The U.S. Department of Housing and Urban Development (HUD) issued new guidelines in July that prohibited dual agency in Federal Housing Authority (FHA) short sales; however, after pressure from the National Association of Realtors, HUD announced it has postponed the dual agency guidelines, according to an article in Inman News September 26, 2013
The new rules, revealed through a letter to mortgage servicers in July, were suppose to take effect October 1, 2013 and would have prohibited brokers and agents from representing both buyers and sellers in FHA short sales. The National Association of Realtors (NAR) opposed the new guidelines. HUD's new, now postponed, guidelines state, "To meet [Pre-foreclosure Sales] Addendum requirements, brokers and their agents may only represent the buyer or the seller, but not both parties."
As worded, the guidelines appear to prohibit both dual agency and designated agency in the Commonwealth of Massachusetts.
Most Realtors practice dual agency in one form or another; however, NAR claimed in a letter to Federal Housing Commissioner Carol Galante that it opposed the new rules because the rules would just make it harder for the federal government to get the most bang for its buck. The NAR also defended dual agency because "the dual representation must be disclosed in writing and accepted by both parties before the dual agency representation can commence."
The Massachusetts "Mandatory Licensee-Consumer Relationship Disclosure" defines dual agency as follows: "A real estate agent may act as a dual agent representing both the seller and buyer in a transaction but only with the express and informed consent of both the seller and buyer. Written consent to dual agency must be obtained by the real estate agent prior to the execution of an offer to purchase a specific property. A dual agent shall be neutral with regard to any conflicting interest of the seller and buyer. Consequently a dual agent cannot satisfy fully the duties of loyalty, full disclosure, obedience to lawful instructions which is required of an exclusive seller or buyer agent. A dual agent does, however, still owe a duty of confidentiality of material information and accounting for funds. The written consent for dual agency must contain the information provided for in the regulations of the Massachusetts Board of Registration of Real Estate Brokers and Salespeople (Board)." (emphasis added)
The Massachusetts "Mandatory Licensee-Consumer Relationship Disclosure" defines designated agency as follows: "A real estate agent can be designated by another real estate agent (the appointing or designating agent) to represent either the buyer or seller, provided the buyer or seller expressly agrees to such designation. The real estate agent once so designated is then the agent for either the buyer or seller who becomes their client. The designated agent owes the buyer or seller undivided loyalty, reasonable care, disclosure, obedience to lawful instruction, confidentiality and accountability, provided, however, that the agent must disclose known material defects in the real estate. The agent must put their client's interests first and negotiate for the best price and terms for their client. In situations where the appointing agent designates another agent to represent the seller and an agent to represent the buyer then the appointing agent becomes a dual agent. Consequently a dual agent cannot satisfy fully the duties of loyalty, full disclosure, obedience to lawful instructions which is required of an exclusive seller or buyer agent. The dual agent does not represent either the buyer or the seller solely only your designated agent represents your interests. The written consent for designated agency must contain the information provided for in the regulations of the Massachusetts Board of Registration of Real Estate Brokers and Salespeople (Board)." (emphasis added)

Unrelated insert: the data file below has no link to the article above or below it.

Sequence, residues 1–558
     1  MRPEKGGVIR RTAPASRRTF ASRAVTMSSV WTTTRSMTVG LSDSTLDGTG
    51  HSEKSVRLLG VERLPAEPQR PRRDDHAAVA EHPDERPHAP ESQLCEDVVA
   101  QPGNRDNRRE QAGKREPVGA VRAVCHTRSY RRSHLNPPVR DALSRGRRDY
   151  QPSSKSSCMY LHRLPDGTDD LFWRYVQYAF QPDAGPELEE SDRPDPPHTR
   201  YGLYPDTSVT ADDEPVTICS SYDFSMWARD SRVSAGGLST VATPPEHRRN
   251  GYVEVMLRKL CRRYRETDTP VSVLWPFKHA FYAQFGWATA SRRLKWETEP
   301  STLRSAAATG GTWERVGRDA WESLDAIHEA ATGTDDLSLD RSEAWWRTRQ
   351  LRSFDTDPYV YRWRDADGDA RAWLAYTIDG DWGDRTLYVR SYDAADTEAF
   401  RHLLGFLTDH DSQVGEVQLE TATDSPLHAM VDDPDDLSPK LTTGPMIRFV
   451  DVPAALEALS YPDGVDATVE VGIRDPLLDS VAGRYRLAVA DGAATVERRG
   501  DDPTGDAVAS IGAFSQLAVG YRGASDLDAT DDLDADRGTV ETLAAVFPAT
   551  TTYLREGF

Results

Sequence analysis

Several local and national organizations support HUD's new guidelines prohibiting dual agency in FHA short sales, including the Massachusetts Association of Buyer Agents and the National Association of Exclusive Buyer Agents (NAEBA). NAEBA wrote its own letter to Assistant Secretary of Housing Carol Galante expressing its concern with dual agency. NAEBA wrote, "We disagree that the new policy would place more homeowners at risk for foreclosure. In fact, we would counter that the opposite is true. Real estate agents are retained to represent their clients. In a traditional sense, that representation would include full fiduciary duties to that client including obedience, loyalty, disclosure, confidentiality, accounting, and reasonable care. In a dual agency situation, a real estate agent can no longer provide these full fiduciary duties or full representation."
As stated above, dual agency and designated agency is legal in Massachusetts, but without an exclusive buyer agent there can be a question of loyalty.